Though stripped of several top assets this summer, Sampdoria have replenished, stabilizing a core capable of making some noise in the chase for Europe.
Over the last few years, Sampdoria have approached the transfer window heavily emphasizing the importance of building a strong foundation combining a blend of veteran leaders and budding youth. Massimo Ferrero, the corky yet passionate President of the Blucerchiati, has vastly reformed his club since 2015, adding players from all corners of the world without the use of a large operating budget.
Largely due to sporting director Carlo Osti’s keen eye for young domestic and foreign talent, the Genoese outfit is regularly importing quality by the handful each summer, and winning on the books. Sampdoria has thrived off a scout-buy-flip-reinvest system in modern football’s inflated market, and though cornerstone-type players like Patrik Schick, Milan Skriniar and Luis Muriel had been sold for big sums this summer by that formula, Sampdoria have restocked once again for a run at Europe this year.
This past summer, Sampdoria were a supermarket of sorts, selling four of their key men from last season for a net total of €56,5 million – which will rise to nearly €85 million once Schick’s 28 million euro obligation is activated over the life of his incentive-laden contract. Specifically, it was Schick and Skriniar – both purchased nearly 10 months ago for a combined 5 million euros – who brought them the biggest ROI. While the duo – and Muriel – garnered the most attention, the sale of Bruno Fernandes mustn’t be overlooked out of respect for his abilities.
The talented 22 year old attacking midfielder, with several years of Serie A experience under his belt, typically, would command more than the 8,5 million euros Sporting CP spent. Perhaps Sampdoria could have taken a firmer stance in negotiations for the Portuguese international. Nevertheless, although Sporting CP managed to pull off one of Europe’s most financial-friendly heists, like every other major deal this summer, Sampdoria walked away with a favorable return.
Shrewd business dealings such as these allow the Ferraris tenant can continue to replenish their squad with players who fit the bill mentioned in the opening of this article, and without breaking the bank.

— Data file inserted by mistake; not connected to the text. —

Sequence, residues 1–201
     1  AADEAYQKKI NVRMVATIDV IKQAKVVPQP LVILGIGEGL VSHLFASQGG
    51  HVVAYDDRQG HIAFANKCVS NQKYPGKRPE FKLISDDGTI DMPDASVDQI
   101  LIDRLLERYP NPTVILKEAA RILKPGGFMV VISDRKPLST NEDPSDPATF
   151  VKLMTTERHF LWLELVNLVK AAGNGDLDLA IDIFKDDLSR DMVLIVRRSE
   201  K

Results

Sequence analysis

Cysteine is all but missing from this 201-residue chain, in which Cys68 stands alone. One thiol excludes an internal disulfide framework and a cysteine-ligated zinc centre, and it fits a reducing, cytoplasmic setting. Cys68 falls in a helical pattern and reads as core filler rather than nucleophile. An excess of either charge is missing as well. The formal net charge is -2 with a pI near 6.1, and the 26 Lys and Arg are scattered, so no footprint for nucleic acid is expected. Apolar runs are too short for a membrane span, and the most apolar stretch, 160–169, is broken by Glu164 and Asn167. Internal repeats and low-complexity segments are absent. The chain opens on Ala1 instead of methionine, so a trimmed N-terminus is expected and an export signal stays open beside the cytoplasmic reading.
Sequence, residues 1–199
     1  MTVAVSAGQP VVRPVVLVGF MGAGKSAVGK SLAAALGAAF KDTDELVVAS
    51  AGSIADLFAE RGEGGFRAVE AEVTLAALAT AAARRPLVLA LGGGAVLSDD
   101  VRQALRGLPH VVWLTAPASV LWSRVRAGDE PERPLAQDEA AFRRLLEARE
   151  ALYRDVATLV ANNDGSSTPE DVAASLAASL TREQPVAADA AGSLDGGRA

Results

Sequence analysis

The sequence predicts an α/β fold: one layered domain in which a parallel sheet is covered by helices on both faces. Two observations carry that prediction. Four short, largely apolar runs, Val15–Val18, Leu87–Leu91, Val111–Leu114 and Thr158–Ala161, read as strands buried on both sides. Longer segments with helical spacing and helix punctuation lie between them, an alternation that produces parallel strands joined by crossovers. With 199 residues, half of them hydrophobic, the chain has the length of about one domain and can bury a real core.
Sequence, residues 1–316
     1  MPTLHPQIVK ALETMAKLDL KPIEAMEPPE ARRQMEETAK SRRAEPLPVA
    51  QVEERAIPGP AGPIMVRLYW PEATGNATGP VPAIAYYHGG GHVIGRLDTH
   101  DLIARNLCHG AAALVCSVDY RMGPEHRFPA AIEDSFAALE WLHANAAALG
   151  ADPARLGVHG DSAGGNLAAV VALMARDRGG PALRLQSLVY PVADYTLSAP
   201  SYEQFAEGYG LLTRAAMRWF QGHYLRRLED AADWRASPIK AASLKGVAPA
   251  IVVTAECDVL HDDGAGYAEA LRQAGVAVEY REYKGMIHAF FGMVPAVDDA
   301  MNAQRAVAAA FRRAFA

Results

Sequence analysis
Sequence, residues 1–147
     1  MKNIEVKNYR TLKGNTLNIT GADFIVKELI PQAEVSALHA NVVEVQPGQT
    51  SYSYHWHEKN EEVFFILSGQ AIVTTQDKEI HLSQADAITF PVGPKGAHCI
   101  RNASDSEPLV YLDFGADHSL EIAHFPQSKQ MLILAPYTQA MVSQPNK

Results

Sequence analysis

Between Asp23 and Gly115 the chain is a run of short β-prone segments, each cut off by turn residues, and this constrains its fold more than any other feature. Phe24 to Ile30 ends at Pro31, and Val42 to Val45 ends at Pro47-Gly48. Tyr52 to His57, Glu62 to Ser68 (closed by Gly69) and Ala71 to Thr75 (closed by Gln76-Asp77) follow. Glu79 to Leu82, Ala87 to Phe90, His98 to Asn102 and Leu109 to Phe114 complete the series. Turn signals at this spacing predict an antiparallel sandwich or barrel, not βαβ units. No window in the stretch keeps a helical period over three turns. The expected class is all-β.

Between selling prime talent, Ferrero and Osti reinvested immediately and gave Italian boss Marco Giampaolo a formidable side to work with, while also keeping in mind the the long-term vision for the club. The additions of Gianluca Caprari (23, from Inter for €12m), promising Poland U-21 star Dawid Kownacki (20, €4m from Lech Poznan) and Deadline Day coup Duvan Zapata (26, €3M season-long loan with €17M obligation to buy) round out a deep attacking force that, sneakily, can inflict damage – especially with veteran hitman Fabio Quagliarella posing as the elder statesman showing them all the ropes.
Transitioning into the midfield, Gaston Ramirez, after several years with Bologna, brings back to Italy years of top flight experience in the Premier League after arriving from Middlesbrough FC. Creative on the ball, the well-capped Uruguayan international can be tried in several roles across the attack, though it’s likely he slots in as the link between midfield and the strikers that Fernandes controlled so well.
When it comes to the centrocampo, Sampdoria are stacked to the brim with talented midfielders who can impact a game at any moment. Ramirez will thrive off the freedom given due to plenty of coverage by the likes of Karol Linetty, Dennis Praet, a revitalized Ricky Alvarez and the most talented one of them all, controlling defensive midfielder Lucas Torreira.
At the base of Giampaolo’s balanced 4-3-1-2, the diminutive 21-year old hovers around the park disrupting play before fearlessly charging forward, but is known for his range and string pulling nature armouring the defence. Torreira’s the name Italy’s top clubs sought to add this summer, but Ferrero was wise to deny all advances as he has yet to sniff the surface of his true potential and can go for major money one year from now.
Defensively, Skriniar leaves behind a void that will be difficult to plug. Sampdoria tried on Deadline Day to snap up Napoli’s Lorenzo Tonelli which would’ve been a top piece of business, but fell short in their efforts. Gianmarco Ferrari comes into the mix on loan from Sassuolo with hopes of breaking into the starting XI by convincing Giampaolo he’s ready to take on a bigger role. Nicola Murru sits as the undisputed first-choice left-back after moving from Cagliari under the radar, while Ivan Strinic (formerly of Napoli) poses as a steady rotation option who can do the job for Giampaolo when called upon.
There is the possibility that Sampdoria concede a fair amount as it’s unclear whether 36-year old Christian Puggioni can keep goals to a minimum. A younger Andrea Tozzo sits as the backup, leading us to believe that Giampaolo’s leash in net could be short should things go south. It’s likely they’ll be figuring out who can form the best partnership with veteran Matias Silvestre that can limit the damage in the back. Still, there is enough talent up and down this roster to cause trouble for the top contenders standing in their way for a Europa League birth, including Fiorentina who were bested 2-1 at the Franchi two weeks ago.
Overlooked by the majority of calcio fans with the dominance of six-time Scudetto winners Juventus, Roma and Napoli’s hunt to dethrone ‘the Old Lady’ and the Milanese clubs’ constant headline grabbing, Sampdoria have laid the groundwork to finally emerge as contenders for Europe in 2017-18.